Unsure what new book to read next? Sit back: We read the book reviews in case you missed them. Below are the collected reviews of two new memoirsÂ being discussed in leading journals and magazines. Today we look at "Aftermath: On Marriage and Separation" by Rachel Cusk, and "My Life As a Mankiewicz: An Insiderâ€™s Journey through Hollywood" by Tom Mankiewicz.Â
"Aftermath" by Rachel Cusk
Rachel Cusk has made quite a name for herself in England. Her fiction is top-notch, having won the Whitbread First Novel Award for "Saving Agnes" in 1993, and shines brightest when shedding light on domestic matters. Her imaginative insights cut deeply across family ties to expose the hidden realities behind everyday relationships. When it comes to nonfiction, however, she loses her audience. In "Aftermath," a memoir of divorce, Cusk polarizes her base with what'sÂ perceivedÂ as pretension and overwrought intellectualism.
"As a whole," writes Emma Gilbey Keller of The New York Times, "this book doesn't work." Her writing comes off as "self-involved," her papers riddled with "pretension," her tale too "tedious." Her "obvious love for" her children bless the book with "vibrant passages," but the "lack of detail" about her divorce is the book's "most glaring omission." Her cerebral slant is the subject of all "Aftermath" reviews. Liza Mundy of The San Francisco Chronicle asks the reader to accept Cusk's foundering marriage to make way for the "compelling" and "restlessly erudite portrait of post-marital strife." Yet Cusk "devastatingly emasculates her husband" in this "part puzzle and part disappointment" of a book, writesÂ Emily Bazelon of Slate,Â who only takes solace in the final pages that end with a chapter of fiction - her "favorite part."
"My Life As a Mankiewicz" by Tom Mankiewicz
Tom Mankiewicz came from an illustrious line ofÂ entertainmentÂ whizzes extraordinaire. His father won four Oscars in two years, having written and directed the classic film All About Eve. His uncle Herman Mankiewicz also won an Oscar for co-writing Citizen Kane. Without a Mankiewicz, there'd be no "rosebud." Tom, who bravely contributed to his memoir in the midst of pancreatic cancer that eventually took his life, followed in his family's footsteps. He wrote or co-wrote many of the James BondÂ films we quote today. The posthumous publication of Tom Mankiewicz's memoir is, by all reviewers' accounts, a trove of cinematic tales and celebrity gossip.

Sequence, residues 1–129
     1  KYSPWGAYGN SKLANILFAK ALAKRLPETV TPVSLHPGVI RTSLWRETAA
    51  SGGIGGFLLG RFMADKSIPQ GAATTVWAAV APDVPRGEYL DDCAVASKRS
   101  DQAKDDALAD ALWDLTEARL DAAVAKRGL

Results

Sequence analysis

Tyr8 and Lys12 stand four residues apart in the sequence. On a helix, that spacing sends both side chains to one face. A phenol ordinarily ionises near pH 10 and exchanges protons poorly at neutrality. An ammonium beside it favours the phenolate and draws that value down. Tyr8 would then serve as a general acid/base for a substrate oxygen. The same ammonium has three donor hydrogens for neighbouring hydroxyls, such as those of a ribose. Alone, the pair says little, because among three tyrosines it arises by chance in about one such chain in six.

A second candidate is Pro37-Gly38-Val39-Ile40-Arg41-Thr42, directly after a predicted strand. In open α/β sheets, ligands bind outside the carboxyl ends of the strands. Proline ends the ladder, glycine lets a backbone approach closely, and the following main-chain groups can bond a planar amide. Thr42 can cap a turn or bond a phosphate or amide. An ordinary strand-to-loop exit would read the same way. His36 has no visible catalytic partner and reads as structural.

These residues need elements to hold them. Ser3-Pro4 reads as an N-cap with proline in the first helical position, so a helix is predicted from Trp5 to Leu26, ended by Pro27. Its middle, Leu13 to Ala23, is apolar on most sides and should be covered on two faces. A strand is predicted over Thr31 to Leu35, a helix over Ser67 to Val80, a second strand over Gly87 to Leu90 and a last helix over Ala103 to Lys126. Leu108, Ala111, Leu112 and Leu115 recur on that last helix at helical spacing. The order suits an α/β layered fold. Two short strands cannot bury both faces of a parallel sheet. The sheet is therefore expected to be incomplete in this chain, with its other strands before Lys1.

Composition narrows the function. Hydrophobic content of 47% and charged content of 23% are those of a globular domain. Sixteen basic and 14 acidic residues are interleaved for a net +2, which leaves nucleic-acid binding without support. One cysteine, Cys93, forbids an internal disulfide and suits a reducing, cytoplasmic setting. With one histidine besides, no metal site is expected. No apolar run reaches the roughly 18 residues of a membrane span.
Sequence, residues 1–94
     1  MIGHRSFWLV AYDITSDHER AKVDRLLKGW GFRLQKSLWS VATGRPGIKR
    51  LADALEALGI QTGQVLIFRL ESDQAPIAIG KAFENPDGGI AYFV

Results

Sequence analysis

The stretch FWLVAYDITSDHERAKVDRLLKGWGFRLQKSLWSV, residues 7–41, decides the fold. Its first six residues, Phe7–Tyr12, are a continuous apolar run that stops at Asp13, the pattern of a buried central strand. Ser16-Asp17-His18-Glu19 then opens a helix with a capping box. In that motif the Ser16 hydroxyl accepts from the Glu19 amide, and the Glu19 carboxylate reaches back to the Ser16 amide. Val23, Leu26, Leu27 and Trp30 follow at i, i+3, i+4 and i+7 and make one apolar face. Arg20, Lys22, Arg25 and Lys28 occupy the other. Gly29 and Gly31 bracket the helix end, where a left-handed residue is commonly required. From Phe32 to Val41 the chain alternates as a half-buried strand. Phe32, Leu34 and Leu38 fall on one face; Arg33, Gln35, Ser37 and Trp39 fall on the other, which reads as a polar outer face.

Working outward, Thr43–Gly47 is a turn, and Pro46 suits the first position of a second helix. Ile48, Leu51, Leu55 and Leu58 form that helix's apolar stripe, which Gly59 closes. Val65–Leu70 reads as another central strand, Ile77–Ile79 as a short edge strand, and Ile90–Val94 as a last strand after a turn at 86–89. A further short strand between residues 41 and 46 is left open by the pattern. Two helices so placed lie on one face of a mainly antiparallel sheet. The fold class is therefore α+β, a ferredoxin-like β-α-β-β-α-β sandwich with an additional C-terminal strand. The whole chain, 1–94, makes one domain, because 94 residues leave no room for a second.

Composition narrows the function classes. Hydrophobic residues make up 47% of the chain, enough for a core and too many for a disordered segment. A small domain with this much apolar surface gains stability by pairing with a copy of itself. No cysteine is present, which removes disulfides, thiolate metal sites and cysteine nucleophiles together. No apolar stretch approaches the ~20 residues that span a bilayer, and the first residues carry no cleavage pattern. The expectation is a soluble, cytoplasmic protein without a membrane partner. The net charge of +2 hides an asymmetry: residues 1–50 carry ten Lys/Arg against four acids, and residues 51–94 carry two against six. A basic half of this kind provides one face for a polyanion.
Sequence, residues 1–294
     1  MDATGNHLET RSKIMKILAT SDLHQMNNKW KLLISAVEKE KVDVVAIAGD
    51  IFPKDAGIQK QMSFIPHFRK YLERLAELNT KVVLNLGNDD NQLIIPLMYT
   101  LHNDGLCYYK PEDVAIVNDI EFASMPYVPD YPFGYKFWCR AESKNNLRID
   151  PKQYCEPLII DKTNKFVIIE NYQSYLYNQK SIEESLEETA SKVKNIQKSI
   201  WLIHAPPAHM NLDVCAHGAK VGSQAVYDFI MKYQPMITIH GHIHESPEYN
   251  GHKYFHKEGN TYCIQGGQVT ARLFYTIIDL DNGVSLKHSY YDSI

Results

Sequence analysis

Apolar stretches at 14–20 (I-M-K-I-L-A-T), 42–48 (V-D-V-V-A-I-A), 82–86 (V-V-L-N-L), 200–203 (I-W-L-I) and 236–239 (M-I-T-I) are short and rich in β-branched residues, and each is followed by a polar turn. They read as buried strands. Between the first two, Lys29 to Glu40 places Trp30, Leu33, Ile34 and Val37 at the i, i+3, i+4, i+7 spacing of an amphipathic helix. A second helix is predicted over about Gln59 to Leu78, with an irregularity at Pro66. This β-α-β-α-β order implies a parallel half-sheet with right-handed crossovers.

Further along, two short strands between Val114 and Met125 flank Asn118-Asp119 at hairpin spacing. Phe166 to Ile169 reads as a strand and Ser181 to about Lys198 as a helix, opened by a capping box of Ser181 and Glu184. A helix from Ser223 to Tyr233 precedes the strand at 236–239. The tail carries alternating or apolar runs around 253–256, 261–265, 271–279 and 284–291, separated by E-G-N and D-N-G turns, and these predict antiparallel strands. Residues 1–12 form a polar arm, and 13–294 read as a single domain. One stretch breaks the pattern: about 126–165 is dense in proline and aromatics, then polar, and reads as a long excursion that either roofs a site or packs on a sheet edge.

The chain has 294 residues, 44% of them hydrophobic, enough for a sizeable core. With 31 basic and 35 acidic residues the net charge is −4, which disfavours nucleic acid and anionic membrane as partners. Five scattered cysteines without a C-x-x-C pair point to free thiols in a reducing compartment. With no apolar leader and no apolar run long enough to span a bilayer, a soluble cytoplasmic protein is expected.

"Prime firsthand anecdotes fill this consistently readable and entertaining book," writes John DiLeo of The Washington Post. Martin Rubin of The Washington Times agrees, calling "My Life" something "bursting with good stories," suggesting he wouldn't mind reading Mankiewicz's stories for days on end: "This enormously entertaining memoir gives the reader the benefit of a superb raconteurâ€™s vast store of anecdote and incident." The Wall Street Journal's Scott Eyman reiterates that "My Life" is "not a superficial book either,Â and it's invariably entertaining, if only because a gift for words runs in the family."